Distribution

white wing patch hate shin • around eye

Plumage Sexes alike

Migration Nun.,njgranI

Family STURNIDAE

Species (¡ra,i,in rrligiosa

Hill Myna

Known in captivity for its ability to mimic human speech, the Hill Myna also chatters constantly in the wild. Its calls are very varied and can be musical, harsh, or wheezy. The species occurs in tropical forests and plantations. It lives in the forest canopy, foraging for food in small parties; if it has to visit the ground it hops slowly and heavily. The birds feed mainly on fruit and berries, also gleaning insects, catching winged termites, and visiting flowering trees to sip nectar.

• NEST a cup nest placed deep in a hole in a tall tree.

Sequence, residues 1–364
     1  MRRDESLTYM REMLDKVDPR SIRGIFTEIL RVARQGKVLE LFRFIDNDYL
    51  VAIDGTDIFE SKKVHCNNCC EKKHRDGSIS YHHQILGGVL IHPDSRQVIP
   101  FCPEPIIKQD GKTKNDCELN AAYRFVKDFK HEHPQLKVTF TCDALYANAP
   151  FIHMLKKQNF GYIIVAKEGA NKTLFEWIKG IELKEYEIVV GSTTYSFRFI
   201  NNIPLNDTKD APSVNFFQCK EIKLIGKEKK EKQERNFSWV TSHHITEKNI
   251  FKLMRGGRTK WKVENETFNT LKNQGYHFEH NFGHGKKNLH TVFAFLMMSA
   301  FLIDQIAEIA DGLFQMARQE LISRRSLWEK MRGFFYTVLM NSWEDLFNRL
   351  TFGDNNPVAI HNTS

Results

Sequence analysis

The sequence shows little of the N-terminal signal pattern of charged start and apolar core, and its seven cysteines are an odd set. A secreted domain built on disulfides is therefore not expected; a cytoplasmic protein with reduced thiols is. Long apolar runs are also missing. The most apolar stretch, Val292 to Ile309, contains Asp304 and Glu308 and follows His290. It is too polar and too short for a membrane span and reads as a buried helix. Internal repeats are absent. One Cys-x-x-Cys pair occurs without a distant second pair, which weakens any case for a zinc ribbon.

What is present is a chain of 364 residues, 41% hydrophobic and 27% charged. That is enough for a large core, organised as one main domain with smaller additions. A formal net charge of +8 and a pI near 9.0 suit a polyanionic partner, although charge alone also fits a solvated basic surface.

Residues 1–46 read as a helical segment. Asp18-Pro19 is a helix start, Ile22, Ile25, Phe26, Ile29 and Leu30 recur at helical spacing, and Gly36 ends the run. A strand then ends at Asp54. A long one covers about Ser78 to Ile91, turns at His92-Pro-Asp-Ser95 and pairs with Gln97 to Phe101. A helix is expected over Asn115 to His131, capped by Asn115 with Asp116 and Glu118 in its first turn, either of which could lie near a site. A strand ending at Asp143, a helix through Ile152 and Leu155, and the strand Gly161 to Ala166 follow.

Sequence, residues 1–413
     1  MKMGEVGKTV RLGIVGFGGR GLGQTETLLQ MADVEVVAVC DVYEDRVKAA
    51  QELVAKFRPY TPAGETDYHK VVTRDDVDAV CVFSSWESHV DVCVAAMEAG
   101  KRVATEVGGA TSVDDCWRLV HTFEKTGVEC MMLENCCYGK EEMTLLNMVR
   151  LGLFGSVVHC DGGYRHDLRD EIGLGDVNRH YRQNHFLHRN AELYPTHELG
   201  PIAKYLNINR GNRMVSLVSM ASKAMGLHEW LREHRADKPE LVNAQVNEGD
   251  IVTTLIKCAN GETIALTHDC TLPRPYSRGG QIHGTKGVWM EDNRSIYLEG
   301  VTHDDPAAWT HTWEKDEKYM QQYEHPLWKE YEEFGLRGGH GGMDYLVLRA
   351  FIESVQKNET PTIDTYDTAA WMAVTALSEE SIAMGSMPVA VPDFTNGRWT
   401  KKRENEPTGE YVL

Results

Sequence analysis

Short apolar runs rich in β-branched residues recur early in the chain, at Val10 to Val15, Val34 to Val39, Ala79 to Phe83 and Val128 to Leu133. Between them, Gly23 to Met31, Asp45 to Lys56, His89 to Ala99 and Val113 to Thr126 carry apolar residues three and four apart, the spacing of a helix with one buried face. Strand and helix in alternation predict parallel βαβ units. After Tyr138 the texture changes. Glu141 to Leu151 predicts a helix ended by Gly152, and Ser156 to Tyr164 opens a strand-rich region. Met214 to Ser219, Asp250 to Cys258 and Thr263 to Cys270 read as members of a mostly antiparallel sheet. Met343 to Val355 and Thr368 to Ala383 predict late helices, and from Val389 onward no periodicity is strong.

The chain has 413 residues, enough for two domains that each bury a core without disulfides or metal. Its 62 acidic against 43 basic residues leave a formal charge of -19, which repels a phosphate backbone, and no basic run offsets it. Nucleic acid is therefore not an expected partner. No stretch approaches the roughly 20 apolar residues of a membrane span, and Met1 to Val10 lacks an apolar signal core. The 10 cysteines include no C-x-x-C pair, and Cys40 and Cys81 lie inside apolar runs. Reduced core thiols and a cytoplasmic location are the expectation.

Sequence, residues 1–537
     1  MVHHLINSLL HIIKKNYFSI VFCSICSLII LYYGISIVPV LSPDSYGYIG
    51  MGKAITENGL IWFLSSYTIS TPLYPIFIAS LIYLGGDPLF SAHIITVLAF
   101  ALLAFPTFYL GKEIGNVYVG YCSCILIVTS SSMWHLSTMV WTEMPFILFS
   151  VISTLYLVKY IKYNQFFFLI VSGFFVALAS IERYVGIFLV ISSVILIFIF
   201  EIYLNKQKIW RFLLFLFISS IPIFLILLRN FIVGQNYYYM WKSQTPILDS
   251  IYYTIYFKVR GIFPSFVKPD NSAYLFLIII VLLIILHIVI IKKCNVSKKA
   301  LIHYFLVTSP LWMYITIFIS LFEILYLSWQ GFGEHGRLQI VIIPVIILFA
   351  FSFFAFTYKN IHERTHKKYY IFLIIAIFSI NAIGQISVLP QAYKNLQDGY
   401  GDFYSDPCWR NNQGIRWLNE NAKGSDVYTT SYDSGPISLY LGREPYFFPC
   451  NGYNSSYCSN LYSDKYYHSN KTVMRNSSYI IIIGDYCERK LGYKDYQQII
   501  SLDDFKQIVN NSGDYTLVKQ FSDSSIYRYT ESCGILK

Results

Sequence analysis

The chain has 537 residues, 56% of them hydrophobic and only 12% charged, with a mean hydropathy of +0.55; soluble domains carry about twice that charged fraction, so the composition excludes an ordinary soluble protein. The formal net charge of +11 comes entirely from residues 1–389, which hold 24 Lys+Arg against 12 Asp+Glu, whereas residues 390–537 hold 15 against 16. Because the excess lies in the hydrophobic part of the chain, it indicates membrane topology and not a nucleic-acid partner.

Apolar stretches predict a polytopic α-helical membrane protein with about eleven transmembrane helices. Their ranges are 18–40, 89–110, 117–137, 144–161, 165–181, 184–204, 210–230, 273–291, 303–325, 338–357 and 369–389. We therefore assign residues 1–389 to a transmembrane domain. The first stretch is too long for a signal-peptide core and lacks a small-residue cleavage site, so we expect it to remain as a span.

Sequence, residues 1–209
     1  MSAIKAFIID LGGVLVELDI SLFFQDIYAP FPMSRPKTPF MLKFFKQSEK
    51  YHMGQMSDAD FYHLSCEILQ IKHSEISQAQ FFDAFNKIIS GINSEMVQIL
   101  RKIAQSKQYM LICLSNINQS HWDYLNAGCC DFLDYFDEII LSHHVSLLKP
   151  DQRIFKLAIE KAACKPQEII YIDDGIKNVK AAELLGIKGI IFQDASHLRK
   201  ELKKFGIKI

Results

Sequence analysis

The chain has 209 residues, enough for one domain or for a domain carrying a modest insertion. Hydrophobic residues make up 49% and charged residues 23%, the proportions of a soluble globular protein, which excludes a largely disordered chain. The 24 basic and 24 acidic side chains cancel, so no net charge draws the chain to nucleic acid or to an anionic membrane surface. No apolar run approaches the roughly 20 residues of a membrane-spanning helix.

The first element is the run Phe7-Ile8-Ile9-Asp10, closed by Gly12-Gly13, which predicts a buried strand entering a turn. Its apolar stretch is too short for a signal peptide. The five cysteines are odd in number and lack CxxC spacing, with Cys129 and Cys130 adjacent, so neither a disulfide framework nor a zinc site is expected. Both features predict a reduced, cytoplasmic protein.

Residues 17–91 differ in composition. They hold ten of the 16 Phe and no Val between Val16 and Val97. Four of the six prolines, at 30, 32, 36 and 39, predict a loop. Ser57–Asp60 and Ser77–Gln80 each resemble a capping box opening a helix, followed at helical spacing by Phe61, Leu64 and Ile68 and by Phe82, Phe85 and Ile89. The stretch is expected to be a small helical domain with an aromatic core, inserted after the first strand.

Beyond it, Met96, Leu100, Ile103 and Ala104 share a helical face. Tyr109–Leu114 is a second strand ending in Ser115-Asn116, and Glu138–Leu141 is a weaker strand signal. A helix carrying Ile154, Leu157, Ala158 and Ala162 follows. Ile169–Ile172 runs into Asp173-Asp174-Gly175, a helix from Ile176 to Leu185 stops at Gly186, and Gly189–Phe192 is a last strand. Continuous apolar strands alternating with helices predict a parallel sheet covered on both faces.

• DISTRIBUTION Scattered areas in the Indian subcontinent, and from the Himalayas east into S. Ghina and much of S.E. Asia.

• REMARK Aviary-bred birds reared in isolation from their parents become-good mimics of human speech.

short, strong, perching tegs distriiu rnoN Juvenile hare yellow wattle

Family STURNIDAK

I his grassland bird finds its food on the bodies of large-grazing mammals such as giraffes, rhinoceroses, zebras, and cattle. It clambers about with its sharp claws, using its tail as a JUVENILE prop, and removes ticks and other skin parasites with its bill, which is flattened sideways, with a blunt tip for dislodging the prey. The oxpeckcr also probes into skin wounds and sometimes feeds on wound tissue. If alarmed, the bird dodges around the host's body to hide. Oxpeckers take the opportunity to drink when their host visits water. At night they roost in flocks in trees, in reedbeds, or among rocks.

• NliST A pad of feathers, grass, and hair, placed in a natural hole in a tree.

• Distribution Africa south of the Sahara.

strong clares for clambering on anima la

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